3. The County has a plethora of options available without imposing a homeless shelter on the elderly and family neighborhoods.

    If a temporary site is absolutely necessary, how about parking the homeless trailers in the parking lots of the County archives? That is an industrial park with a bus route and is rent free.

    It is disingenuous of Gross and the County staff to tell residents that they are out of options. Their party line doesn't pass the smell test.

    What is really, really going on?

  4. It's been touched on but never elaborated upon. The Lincolnia shelter site is permanent. Let me explain: The main two reasons the Lincolnia site was chosen was because Fairfax County already owns the property and it is already properly zoned for a use as a shelter. Once the residents living at the Senior Center die or relocate, who is going to place their elderly loved ones at a home where they are on lockdown and have no greenspace because of an adjacent "temporary" homeless shelter? Nobody. Once the population at the Senior Center dwindles, the County will conclude that the senior center should become the permanent homeless shelter because the county already owns it, it is already properly zoned and the building is already well-suited for a large number of adult residents. To rub salt in the wound, they will also use the fact that the "temporary" shelter has already made the location ideal for serving the homeless who miraculously now live there (thanks to the County who brought them there in the first place by opening up the "temporary" shelter there). There's nothing like good circular reasoning to justify shafting your constituents.

    1. Thank you for thinking this through. Unfortunately you are right this is the scenario for the future. The county loves shared services. I have heard that Robert Stalzer realized at the MDLUC meeting that he is going to have to share the properties with the public that the county has looked at and are looking at for possible relocation of the shelter. ThThe county can't say this is propriety information. Fairfax County is a public government that represents citizens. If they dealing with a private entity they can't keep that information secret!! Please write Robert Stalzer and demand to see the other properties. Relocating the shelter behind the senior center and surrounded by hundreds of homes cannot happen.

    2. Anon7:49
      I get it. That would be like the County driving working class homeowners out of their homes by allowing commercial interests to take over their neighborhoods; commercial interests that would then combine to rezone once stable, high quality neighborhoods to high density multifamily rental units yielding mega returns on their investments, the combining would be by special invitation only, of course. I believe they would do that. I know they’re capable of doing that. A curse on the rascals, or is the word gangsters.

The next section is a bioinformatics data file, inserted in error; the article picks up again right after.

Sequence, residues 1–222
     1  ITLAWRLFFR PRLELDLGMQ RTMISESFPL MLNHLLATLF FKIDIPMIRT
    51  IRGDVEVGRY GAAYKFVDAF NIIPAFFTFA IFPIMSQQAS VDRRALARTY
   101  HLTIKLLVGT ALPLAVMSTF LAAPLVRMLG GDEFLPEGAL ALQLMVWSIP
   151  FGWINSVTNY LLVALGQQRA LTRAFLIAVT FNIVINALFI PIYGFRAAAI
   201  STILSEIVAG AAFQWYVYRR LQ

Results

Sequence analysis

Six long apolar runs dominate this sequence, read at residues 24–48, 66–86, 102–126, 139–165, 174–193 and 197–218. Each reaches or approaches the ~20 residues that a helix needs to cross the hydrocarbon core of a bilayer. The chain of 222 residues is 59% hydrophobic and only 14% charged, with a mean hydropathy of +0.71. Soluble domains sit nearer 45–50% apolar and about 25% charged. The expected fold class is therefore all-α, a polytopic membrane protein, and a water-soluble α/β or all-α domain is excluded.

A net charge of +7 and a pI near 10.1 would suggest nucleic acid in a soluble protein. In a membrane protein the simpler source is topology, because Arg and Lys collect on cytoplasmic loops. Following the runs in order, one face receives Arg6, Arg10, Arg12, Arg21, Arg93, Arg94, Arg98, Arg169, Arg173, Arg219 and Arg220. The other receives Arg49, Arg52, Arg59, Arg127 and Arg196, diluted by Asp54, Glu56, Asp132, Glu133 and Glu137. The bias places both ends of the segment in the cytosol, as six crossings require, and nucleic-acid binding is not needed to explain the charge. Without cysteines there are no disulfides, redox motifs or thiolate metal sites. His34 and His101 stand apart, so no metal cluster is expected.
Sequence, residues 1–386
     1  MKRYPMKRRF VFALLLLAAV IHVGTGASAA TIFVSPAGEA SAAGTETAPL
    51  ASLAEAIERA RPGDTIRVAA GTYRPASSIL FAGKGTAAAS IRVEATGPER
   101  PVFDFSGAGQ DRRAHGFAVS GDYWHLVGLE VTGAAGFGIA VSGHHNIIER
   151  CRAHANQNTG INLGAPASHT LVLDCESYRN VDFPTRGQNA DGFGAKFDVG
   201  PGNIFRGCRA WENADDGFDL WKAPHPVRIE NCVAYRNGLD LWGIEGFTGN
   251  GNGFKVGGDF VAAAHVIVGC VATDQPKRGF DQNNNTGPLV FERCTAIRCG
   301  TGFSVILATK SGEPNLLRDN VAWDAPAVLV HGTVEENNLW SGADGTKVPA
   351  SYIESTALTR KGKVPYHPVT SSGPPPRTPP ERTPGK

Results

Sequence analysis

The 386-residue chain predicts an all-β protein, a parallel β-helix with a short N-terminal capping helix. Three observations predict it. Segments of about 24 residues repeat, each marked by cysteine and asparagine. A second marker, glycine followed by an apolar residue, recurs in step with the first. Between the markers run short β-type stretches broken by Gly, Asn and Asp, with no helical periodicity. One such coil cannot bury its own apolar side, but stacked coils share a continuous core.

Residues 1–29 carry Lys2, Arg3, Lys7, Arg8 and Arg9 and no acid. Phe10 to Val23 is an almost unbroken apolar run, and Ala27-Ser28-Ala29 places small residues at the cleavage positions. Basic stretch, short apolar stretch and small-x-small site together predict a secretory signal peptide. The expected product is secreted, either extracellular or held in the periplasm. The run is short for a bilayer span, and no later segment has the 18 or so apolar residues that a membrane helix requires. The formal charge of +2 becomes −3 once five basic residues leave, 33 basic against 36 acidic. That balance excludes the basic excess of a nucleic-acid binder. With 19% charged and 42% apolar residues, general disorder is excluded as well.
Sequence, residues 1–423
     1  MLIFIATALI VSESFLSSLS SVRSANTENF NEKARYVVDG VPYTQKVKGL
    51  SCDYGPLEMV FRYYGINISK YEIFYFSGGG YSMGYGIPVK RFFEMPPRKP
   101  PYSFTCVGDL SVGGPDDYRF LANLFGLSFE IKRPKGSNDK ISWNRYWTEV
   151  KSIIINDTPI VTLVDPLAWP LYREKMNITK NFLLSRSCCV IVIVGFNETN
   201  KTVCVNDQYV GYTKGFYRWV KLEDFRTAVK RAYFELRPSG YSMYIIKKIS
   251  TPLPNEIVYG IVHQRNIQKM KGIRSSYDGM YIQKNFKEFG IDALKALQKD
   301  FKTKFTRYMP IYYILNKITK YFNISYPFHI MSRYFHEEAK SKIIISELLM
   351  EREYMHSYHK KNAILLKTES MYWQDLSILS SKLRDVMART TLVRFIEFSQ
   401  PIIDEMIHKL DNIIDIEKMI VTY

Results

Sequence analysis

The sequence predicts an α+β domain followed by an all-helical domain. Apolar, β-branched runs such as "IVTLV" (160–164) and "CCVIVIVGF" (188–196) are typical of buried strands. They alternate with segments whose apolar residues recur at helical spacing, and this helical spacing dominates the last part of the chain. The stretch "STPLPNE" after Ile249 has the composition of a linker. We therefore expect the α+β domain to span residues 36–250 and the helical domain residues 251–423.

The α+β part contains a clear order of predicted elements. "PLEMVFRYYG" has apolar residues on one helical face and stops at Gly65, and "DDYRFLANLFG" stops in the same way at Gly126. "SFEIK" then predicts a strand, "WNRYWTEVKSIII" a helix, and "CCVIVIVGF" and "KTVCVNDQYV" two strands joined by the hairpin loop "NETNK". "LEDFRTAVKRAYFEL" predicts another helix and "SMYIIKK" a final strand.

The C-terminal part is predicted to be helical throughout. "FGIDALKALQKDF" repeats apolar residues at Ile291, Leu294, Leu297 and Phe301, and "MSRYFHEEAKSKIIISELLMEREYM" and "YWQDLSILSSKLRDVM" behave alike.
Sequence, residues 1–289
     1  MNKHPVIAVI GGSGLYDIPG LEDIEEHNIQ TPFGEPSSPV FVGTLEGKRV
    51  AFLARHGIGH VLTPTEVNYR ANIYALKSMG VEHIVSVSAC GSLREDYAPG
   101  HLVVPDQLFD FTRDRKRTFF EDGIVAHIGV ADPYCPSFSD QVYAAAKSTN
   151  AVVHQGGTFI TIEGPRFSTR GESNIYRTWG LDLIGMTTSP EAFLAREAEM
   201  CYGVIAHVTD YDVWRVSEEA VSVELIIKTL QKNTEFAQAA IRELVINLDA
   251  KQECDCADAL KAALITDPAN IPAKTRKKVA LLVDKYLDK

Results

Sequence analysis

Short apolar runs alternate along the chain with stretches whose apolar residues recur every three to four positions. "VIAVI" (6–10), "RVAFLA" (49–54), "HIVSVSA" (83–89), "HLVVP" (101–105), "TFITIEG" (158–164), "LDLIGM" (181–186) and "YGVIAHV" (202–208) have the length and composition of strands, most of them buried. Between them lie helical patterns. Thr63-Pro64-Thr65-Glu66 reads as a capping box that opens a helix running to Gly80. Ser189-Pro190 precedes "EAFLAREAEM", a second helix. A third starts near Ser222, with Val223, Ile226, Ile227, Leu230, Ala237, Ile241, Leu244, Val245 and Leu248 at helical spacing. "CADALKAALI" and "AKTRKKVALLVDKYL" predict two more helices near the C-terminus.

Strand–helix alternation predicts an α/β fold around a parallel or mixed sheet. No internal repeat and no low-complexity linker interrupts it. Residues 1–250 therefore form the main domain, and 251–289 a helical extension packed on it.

3. Reply to What's Really Going On... 5/25/16, 5:11 pm-- And the cherry on top of this s..t sundae is that the Lincolnia site is on the City of Alexandria- Fairfax County border, so 1/2 of the people impacted have no voice in the process.......

  5. Time to move...... I'm not giving FFX County one more penny of my hard earned money so they can use it to screw me!

  6. Don't forget, Penny wants $14.M in a November referendum to build a home and job training center for the homeless.

    1. More accurately, the bond referendum is for four (4) shelters to be upgraded and/or relocated, Bailey's being only one of them. Moreover, should the referendum fail, funding to relocate Bailey's will come from another source. Sometimes a cigar really is just a cigar; in this case, temporary really does mean temporary.

    2. Can't be certain that it will be temporary: "A temporary marketing center/office building constructed in 1986 to serve the Fairview Park commercial area near Falls Church will be allowed to exist indefinitely, the Board of Supervisors unanimously agreed Feb. 16. The one-story, 7,359-square-foot facility, which shares a 6.1-acre parcel with an eight-story office building and a two-story parking garage, originally was allowed to exist through the build-out of the Fairview Park area. County planning staff did not find any problems during their review of the site and the applicant, Copt Fairview, has agreed to pave a walkway now covered with stepping stones, officials said.
      “It goes to show how long ‘temporary’ can last,” said Supervisor Linda Smyth (D-Providence). “We’ve all seen this before. And now it will be there forever.”"

    3. The temporary shelter in the Arlington Courthouse area was there for 20, yes 20 years before they just recently opened a permamemt shelter a block and a half away. Wait for it...county officials cited proximity to the temporary shelter as one of the reasons for putting a permanent shelter there. Btw, the temporary shelter is still open with no plans to close it.

  7. Selfish? The greater good? How Orwellian of you. Let me guess I should also pay my fair share, but you won't define what "fair share" means. Isn't the county being selfish by displacing the homeless, moving them further from social services and job opportunities both of which will help them become more stable.

    Isn't the county being selfish when moving the shelter next to the senior center will require the elderly residents to live on permanent lockdown and forego any greenspace on which to exercise and socialize?
    I guess both the homeless and seniors are being selfish and not thinking of the greater good if they raise these concerns.

    1. I don't think Orwellian means what you think it means.

  8. You're right. The commenter is simply advocating for socialism. Nothing bad can come from that.